How Can I Fit Engineered Oak Flooring?
How you intend to fit your oak flooring can influence which type of board is most suitable for you. Which method of fitting you choose, and which is most suitable will come down to your own situation. When fitting engineered oak flooring there are a number of options which are available to you.
One way in which engineered oak flooring can be fitted is through the secret nailing or screwing method. This method involves driving a nail or screw through the tongue of each board into the sub-floor or joist. The tongues of each board are hidden by the groove of the next board, meaning the fixings are also hidden. This method is a more discreet method than the traditional method of nailing boards through their top surface into the floor joists. For wider solid oak boards surface fixing may still be required, however with an engineered board it is not.
A more modern method of fitting an oak floor is the glueing method. This method involves the boards being stuck to the sub-floor using a suitable adhesive. This adhesive needs to be extremely strong, whilst also flexible enough to allow for some natural movement in the wood. For this we always recommend a MS Polymer Flexible Flooring Adhesive. These will retain a very strong bond strength, whilst also allowing for some elasticity.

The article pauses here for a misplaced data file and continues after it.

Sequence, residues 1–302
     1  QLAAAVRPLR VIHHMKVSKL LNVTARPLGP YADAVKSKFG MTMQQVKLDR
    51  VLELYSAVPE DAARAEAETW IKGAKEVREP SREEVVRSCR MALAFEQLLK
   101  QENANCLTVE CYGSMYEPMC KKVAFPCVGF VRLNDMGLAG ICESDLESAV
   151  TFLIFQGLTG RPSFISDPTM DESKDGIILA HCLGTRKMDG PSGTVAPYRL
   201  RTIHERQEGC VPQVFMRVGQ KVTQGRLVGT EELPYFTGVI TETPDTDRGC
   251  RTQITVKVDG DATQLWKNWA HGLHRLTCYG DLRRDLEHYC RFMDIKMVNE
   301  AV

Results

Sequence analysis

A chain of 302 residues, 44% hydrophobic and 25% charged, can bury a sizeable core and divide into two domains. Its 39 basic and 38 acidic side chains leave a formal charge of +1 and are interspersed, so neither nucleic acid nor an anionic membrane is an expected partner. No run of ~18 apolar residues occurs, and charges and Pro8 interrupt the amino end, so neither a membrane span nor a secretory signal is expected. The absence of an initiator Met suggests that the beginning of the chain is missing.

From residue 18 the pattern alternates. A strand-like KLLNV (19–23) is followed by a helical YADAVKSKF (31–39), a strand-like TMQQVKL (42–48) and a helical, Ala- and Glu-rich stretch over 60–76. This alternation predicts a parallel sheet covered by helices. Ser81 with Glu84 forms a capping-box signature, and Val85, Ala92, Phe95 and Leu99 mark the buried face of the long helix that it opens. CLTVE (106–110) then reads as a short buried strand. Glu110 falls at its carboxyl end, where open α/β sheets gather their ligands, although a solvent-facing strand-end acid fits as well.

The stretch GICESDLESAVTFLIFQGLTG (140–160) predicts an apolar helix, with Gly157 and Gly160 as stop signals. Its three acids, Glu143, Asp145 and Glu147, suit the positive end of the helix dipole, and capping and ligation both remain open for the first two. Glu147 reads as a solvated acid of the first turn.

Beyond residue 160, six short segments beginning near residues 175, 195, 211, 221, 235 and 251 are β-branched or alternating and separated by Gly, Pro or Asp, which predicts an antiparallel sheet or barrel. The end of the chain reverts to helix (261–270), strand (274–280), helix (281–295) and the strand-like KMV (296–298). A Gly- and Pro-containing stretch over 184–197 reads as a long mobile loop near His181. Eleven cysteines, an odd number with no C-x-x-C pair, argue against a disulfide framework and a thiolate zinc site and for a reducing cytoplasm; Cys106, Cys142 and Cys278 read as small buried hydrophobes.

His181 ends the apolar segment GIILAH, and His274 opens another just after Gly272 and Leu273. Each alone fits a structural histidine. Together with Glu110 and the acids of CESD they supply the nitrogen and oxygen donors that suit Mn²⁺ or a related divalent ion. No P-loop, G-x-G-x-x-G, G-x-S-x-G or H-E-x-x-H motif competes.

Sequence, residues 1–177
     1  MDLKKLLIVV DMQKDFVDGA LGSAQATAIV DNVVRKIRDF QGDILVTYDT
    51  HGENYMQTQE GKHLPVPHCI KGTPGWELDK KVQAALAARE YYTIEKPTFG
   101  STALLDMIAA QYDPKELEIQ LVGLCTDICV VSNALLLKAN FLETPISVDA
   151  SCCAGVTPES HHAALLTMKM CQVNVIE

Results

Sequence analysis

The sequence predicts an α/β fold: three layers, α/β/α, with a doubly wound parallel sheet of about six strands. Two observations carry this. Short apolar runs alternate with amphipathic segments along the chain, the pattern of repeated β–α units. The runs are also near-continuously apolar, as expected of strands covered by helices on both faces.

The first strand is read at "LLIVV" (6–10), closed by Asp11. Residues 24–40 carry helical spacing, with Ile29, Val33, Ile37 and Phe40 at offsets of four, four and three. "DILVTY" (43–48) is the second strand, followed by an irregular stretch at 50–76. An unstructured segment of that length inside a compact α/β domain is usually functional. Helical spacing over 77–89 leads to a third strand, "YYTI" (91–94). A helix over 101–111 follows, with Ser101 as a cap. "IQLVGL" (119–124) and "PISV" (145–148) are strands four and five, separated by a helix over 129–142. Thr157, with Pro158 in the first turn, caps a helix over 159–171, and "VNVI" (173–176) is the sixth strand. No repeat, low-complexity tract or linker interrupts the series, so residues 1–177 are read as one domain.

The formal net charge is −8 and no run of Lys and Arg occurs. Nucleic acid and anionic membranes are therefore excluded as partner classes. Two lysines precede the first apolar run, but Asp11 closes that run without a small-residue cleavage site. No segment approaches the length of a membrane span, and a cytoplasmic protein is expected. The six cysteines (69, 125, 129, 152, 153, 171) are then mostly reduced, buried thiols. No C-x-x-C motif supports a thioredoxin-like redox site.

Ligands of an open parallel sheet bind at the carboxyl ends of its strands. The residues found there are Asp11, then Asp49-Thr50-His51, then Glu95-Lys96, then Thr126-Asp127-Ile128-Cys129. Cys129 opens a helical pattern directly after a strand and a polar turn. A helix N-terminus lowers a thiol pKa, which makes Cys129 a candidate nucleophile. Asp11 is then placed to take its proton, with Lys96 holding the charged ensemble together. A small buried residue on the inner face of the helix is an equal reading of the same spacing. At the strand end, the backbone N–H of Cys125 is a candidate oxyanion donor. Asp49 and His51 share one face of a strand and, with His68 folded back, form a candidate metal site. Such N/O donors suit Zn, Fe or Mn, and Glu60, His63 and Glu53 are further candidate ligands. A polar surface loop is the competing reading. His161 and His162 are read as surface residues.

The final method in which an engineered oak floor can be fitted is the floating floor method. This particular method involves laying your engineered boards with no direct fixings to your sub-floor. Instead the tongue and grooves of each board are glued together, to create one complete "floating" floor.
With your method of fitting chosen, it is important that some basic rules of oak flooring are followed.
Firstly the condition of the sub-floor should be checked to ensure it is up to standard. The most important check is whether the moisture content is within an acceptable range. For a concrete sub-floor, the moisture content should be lower than 4%. A sub-floor which has not been properly dried out will only cause problems in the future.
Another point to note with your sub-floor is whether it is reasonably level or not. Generally the level of your room should not vary more than +/- 2mm per metre. The edges should be checked for any rises or dips.
As mentioned above high levels of moisture can cause problems to oak flooring. It is therefore also important that any plastering work has been completed and dry prior to bringing oak flooring into your environment. Laying your oak floor is usually the final job with renovations.
Once the area is suitable, the flooring can be brought inside. Here the boards should be given time to acclimatise to their surroundings. This can be done by leaving the boards in your natural living conditions, with air running in between the boards.